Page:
The iPhone 3G does not work with the iPod Hi-Fi. It plays music, but does not charge.
Are they going to somehow fix the issue or are we out of luck?
This product is too new for Apple to drop support.
Apple’s not acknowledging it and no sites even mention it.
Please help and get Apple to fix this.
A: Hi Privateshares,
We originally mentioned this issue in our coverage of the iPhone 3G, but you’re right, it’s not getting much attention elsewhere.
Without telling buyers of iPods, iPhones, or accessories beforehand, Apple has been making subtle electrical changes to its hardware that create unexpected incompatibilities, effectively “breaking” the ability of past accessories to work with new Apple hardware. The problem you are experiencing is just the latest such change, but it is particularly unwelcome since it affects buyers of the iPod Hi-Fi and the Bose SoundDock, two expensive speaker systems that were pushed heavily in Apple Stores, as well as a number of other popular products.
Specifically, this change affects “FireWire charging,” and was discussed in our review of the iPhone 3G. FireWire was the original iPod electrical interface, which supplied a certain amount of power to the iPod’s battery, but has since been replaced by the lower-powered USB charging standard. For years, Apple allowed devices to send either the higher FireWire-level power or the lower USB-level power to most iPods or the iPhone, but with the iPhone 3G, Apple cut off the more powerful charging standard. It had previously warned developers that it would do this, initially discontinuing the iPod’s ability to synchronize using a computer’s FireWire port, and then telling developers that future devices would not use FireWire charging.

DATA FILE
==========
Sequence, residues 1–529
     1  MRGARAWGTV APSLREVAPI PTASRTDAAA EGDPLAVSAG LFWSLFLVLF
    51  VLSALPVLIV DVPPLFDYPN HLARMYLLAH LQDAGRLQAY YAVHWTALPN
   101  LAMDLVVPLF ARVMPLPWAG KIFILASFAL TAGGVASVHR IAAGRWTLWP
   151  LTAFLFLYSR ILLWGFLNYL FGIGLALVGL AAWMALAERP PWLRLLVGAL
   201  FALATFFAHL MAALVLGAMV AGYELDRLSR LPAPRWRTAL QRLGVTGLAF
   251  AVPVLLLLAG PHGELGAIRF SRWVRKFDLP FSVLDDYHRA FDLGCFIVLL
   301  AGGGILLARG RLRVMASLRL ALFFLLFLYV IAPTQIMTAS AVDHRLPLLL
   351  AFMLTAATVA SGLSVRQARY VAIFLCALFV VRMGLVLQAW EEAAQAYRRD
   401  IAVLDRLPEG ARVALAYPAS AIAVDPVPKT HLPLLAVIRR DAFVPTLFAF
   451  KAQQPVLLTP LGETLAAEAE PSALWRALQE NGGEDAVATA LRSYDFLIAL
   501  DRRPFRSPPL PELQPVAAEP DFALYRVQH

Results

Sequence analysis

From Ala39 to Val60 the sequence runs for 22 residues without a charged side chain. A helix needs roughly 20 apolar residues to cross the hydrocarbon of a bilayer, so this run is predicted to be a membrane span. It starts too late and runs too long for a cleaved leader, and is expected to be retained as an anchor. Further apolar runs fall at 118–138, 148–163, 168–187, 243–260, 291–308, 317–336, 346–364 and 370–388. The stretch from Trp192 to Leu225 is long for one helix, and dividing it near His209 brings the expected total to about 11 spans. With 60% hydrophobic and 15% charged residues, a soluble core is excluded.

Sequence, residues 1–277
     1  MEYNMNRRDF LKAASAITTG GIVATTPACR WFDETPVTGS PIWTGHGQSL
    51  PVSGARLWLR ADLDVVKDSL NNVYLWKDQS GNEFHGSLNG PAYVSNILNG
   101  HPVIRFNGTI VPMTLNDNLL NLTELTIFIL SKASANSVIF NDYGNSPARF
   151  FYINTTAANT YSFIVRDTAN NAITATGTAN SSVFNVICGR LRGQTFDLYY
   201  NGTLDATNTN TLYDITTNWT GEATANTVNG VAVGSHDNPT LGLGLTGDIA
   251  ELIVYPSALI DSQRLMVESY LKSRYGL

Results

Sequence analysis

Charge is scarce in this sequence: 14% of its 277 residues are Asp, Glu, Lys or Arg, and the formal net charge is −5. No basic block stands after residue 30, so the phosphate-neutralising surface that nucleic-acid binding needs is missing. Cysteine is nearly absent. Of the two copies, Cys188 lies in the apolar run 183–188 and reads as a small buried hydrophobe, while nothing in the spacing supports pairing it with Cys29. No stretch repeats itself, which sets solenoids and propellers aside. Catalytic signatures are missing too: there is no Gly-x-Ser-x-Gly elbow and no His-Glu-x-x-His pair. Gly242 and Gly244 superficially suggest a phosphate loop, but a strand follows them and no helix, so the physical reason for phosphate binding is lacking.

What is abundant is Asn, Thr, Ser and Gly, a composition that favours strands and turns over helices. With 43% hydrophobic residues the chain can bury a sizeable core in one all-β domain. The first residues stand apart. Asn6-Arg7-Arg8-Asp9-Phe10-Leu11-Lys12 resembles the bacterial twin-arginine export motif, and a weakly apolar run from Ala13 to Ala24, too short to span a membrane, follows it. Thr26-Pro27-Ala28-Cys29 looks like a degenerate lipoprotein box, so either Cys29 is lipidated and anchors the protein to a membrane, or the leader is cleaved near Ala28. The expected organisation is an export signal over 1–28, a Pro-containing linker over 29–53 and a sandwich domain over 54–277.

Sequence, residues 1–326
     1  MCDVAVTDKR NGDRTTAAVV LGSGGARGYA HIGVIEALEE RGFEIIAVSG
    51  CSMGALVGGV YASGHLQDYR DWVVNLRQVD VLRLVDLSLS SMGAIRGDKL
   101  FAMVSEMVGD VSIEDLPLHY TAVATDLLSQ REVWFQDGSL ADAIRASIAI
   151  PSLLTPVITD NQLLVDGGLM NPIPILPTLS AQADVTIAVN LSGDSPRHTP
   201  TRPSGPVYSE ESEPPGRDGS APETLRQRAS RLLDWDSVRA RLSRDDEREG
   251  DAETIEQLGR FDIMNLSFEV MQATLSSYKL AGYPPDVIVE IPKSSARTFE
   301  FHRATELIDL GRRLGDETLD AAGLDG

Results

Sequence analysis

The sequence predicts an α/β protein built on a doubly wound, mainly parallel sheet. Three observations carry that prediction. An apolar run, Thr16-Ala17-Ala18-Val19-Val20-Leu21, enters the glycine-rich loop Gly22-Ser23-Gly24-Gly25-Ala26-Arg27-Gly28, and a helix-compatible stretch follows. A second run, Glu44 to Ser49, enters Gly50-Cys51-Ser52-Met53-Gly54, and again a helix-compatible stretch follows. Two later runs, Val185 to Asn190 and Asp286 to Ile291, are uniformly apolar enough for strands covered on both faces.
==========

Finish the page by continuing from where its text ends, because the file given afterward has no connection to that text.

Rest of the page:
However, it did not warn consumers of the change, and apparently kept on selling products—including iPod Hi-Fi—that used the old FireWire standard.
The simple answer to your question is that, absent spending some additional money, buyers of past accessories that use FireWire charging will be out of luck. They can choose to spend $40-45 for a third-party adapter such as this one, or purchase a different accessory that is compatible with the iPhone 3G. This sort of disappointing forced obsolescence unfortunately works against consumers’ interests but in Apple’s short-term favor, driving the sale of more accessories as replacements for otherwise functional and in many cases expensive past ones. An obvious solution, and one that we think users have been gravitating towards, is to stop buying expensive accessories because of the high risk that they will not work with future Apple products. It’s unfortunate that this is a concern, but it is.